SDG 16: The reality behind the data reveals decreasing security for the most vulnerable, including people experiencing discrimination on the basis of their gender, sexual orientation, age, (dis)ability, race, ethnicity, religion, or legal status. We call on governments to ensure safe schools, an end to violence against children and human trafficking, an acceleration of Women, Peace and Security commitments, accountability to human rights obligations, and a “whole of society approach” that meaningfully engages those impacted by conflict and violence. Ensuring freedom of speech and assembly, the protection of journalists, trade unionists, human rights as well as environmental defenders is needed to strengthen the rule of law. Governments at all levels must commit to addressing new weapons of war (e.g. rape and starvation) and the impacts of war through rights-based access to services for refugees and stateless persons. States must ensure extraterritorial accountability, including on flows of small arms and light weapons. We call for an urgent shift from economies driven by military interests to ones guided by human rights, protection of the planet, social and humanitarian development, and peace and security for all.

SDG 17: Public and transparent investment, with its primary objective of contributing to the public good, presents the most appropriate instrument to design and implement the 2030 Agenda and its objectives. We call on governments to deliver on their responsibility for SDG implementation and enact the regulatory and policy frameworks required to fulfil human rights, within the context of progressive taxation under the remit of a global intergovernmental tax body. The long-standing commitment of developed countries to dedicate 0.7% of gross domestic income to ODA should be met urgently and unconditionally. Global economic, financial, trade, and monetary governance must shift from restricting developing countries’ policy space to enable a global collective commitment to realize the human rights and sustainable development objectives of all. Partnerships need to benefit all involved, with clear guidelines and accountability tools, going beyond traditional public-private partnerships. To address the intended and unintended implications of existing, frontier, and emerging technologies, an anticipatory, inclusive and multi-stakeholder global technology assessment mechanism is needed to assess and address their social, economic, and environmental impact. Building on a strong science-policy-society interface, with input from diverse sources of knowledge, policy coherence must be ensured with other international frameworks, to leverage synergies and ensure effectiveness.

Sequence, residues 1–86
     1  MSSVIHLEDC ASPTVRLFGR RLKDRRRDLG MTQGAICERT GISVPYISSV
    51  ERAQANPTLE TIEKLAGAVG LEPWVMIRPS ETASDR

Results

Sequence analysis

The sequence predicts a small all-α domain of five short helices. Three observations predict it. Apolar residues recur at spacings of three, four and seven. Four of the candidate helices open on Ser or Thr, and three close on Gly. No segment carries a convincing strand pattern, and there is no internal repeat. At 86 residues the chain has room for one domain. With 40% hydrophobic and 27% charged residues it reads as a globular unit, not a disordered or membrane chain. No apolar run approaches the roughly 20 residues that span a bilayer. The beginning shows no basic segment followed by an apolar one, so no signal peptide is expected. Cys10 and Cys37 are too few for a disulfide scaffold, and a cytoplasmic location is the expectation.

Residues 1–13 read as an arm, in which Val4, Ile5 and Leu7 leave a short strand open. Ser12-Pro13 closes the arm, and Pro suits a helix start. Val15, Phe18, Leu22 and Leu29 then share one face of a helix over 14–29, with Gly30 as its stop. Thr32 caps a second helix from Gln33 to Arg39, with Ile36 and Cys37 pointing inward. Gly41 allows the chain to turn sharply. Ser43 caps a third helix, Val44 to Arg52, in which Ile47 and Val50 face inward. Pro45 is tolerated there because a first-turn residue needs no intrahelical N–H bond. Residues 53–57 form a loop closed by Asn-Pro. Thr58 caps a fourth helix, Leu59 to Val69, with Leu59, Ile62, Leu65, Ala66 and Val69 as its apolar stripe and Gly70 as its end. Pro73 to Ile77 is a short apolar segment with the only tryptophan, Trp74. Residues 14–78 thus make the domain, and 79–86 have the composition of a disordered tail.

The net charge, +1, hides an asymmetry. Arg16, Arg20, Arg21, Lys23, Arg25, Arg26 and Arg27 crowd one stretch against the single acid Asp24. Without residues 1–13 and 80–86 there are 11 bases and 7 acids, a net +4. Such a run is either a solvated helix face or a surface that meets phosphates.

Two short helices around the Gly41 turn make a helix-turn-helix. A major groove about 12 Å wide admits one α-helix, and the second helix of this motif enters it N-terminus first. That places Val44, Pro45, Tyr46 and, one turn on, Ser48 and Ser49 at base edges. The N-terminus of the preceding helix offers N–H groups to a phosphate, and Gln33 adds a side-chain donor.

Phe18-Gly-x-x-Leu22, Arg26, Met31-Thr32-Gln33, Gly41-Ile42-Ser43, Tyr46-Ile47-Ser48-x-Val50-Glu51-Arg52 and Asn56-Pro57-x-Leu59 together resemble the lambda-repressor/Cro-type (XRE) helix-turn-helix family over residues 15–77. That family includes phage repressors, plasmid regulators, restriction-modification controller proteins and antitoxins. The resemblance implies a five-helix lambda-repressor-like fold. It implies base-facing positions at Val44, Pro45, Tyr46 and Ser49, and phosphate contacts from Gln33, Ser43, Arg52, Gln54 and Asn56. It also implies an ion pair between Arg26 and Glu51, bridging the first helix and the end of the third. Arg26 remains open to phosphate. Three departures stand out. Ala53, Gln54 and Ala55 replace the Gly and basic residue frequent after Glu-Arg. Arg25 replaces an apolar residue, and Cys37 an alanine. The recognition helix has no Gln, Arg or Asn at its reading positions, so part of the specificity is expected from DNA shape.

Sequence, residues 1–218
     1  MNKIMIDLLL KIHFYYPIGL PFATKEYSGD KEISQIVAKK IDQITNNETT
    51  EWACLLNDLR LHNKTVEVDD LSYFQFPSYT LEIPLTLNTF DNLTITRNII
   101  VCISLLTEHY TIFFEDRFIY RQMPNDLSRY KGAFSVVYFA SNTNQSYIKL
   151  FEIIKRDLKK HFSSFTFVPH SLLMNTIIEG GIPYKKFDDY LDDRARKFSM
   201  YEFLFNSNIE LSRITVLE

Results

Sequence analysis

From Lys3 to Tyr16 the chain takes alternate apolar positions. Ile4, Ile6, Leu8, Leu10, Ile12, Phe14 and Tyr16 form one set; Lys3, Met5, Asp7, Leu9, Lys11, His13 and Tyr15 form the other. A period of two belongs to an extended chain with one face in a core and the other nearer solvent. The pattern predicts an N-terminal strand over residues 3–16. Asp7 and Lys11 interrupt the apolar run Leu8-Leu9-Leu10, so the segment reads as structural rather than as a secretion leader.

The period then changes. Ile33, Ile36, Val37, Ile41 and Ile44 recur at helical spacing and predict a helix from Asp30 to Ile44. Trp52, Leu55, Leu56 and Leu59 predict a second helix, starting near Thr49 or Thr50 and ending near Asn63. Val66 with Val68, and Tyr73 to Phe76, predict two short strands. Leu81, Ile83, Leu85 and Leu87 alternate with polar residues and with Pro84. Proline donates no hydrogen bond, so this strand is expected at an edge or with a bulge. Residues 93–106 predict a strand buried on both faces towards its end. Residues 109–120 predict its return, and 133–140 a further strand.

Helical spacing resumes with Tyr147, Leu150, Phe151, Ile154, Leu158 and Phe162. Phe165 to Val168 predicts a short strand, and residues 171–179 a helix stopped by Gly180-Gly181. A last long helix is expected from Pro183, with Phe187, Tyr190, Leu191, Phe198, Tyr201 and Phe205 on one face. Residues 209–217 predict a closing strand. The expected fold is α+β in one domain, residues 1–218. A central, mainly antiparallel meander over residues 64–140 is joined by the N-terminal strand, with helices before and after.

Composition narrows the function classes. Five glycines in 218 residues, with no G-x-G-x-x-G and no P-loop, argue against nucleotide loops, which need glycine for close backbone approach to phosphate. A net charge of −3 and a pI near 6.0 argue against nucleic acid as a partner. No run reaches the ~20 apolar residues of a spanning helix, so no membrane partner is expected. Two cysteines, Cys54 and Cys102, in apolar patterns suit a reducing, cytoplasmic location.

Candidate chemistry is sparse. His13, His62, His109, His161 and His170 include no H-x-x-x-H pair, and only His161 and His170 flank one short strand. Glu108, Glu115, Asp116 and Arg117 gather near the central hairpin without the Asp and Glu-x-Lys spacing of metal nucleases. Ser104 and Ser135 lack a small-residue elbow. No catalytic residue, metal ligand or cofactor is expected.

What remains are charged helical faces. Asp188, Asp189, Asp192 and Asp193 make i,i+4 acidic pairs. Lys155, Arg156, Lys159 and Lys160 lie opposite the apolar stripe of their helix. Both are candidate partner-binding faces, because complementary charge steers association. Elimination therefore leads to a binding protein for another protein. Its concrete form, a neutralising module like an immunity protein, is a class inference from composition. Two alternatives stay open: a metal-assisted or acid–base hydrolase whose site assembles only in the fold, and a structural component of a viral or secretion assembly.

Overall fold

Towards the SDGs Summit and Reform: A rights-based approach to sustainable development is an obligation of all Member States, grounded in legally binding international human rights framework. They must strengthen the meaningful participation of all rights holders at all levels, with a focus on the most marginalized. Urgent actions are required to accelerate SDG implementation and accountability; governments must tackle structural barriers, such as patriarchy, militarism, neoliberal capitalism, fundamentalism, authoritarianism, and climate change, and ensure that efforts benefits those who are systematically excluded. We call on Member States to reform the HLPF and related follow-up and review mechanisms of the 2030 Agenda, increasing opportunities for constructive exchange on lessons, challenges and systemic obstacles, while facilitating meaningful participation of  MGoS at all levels.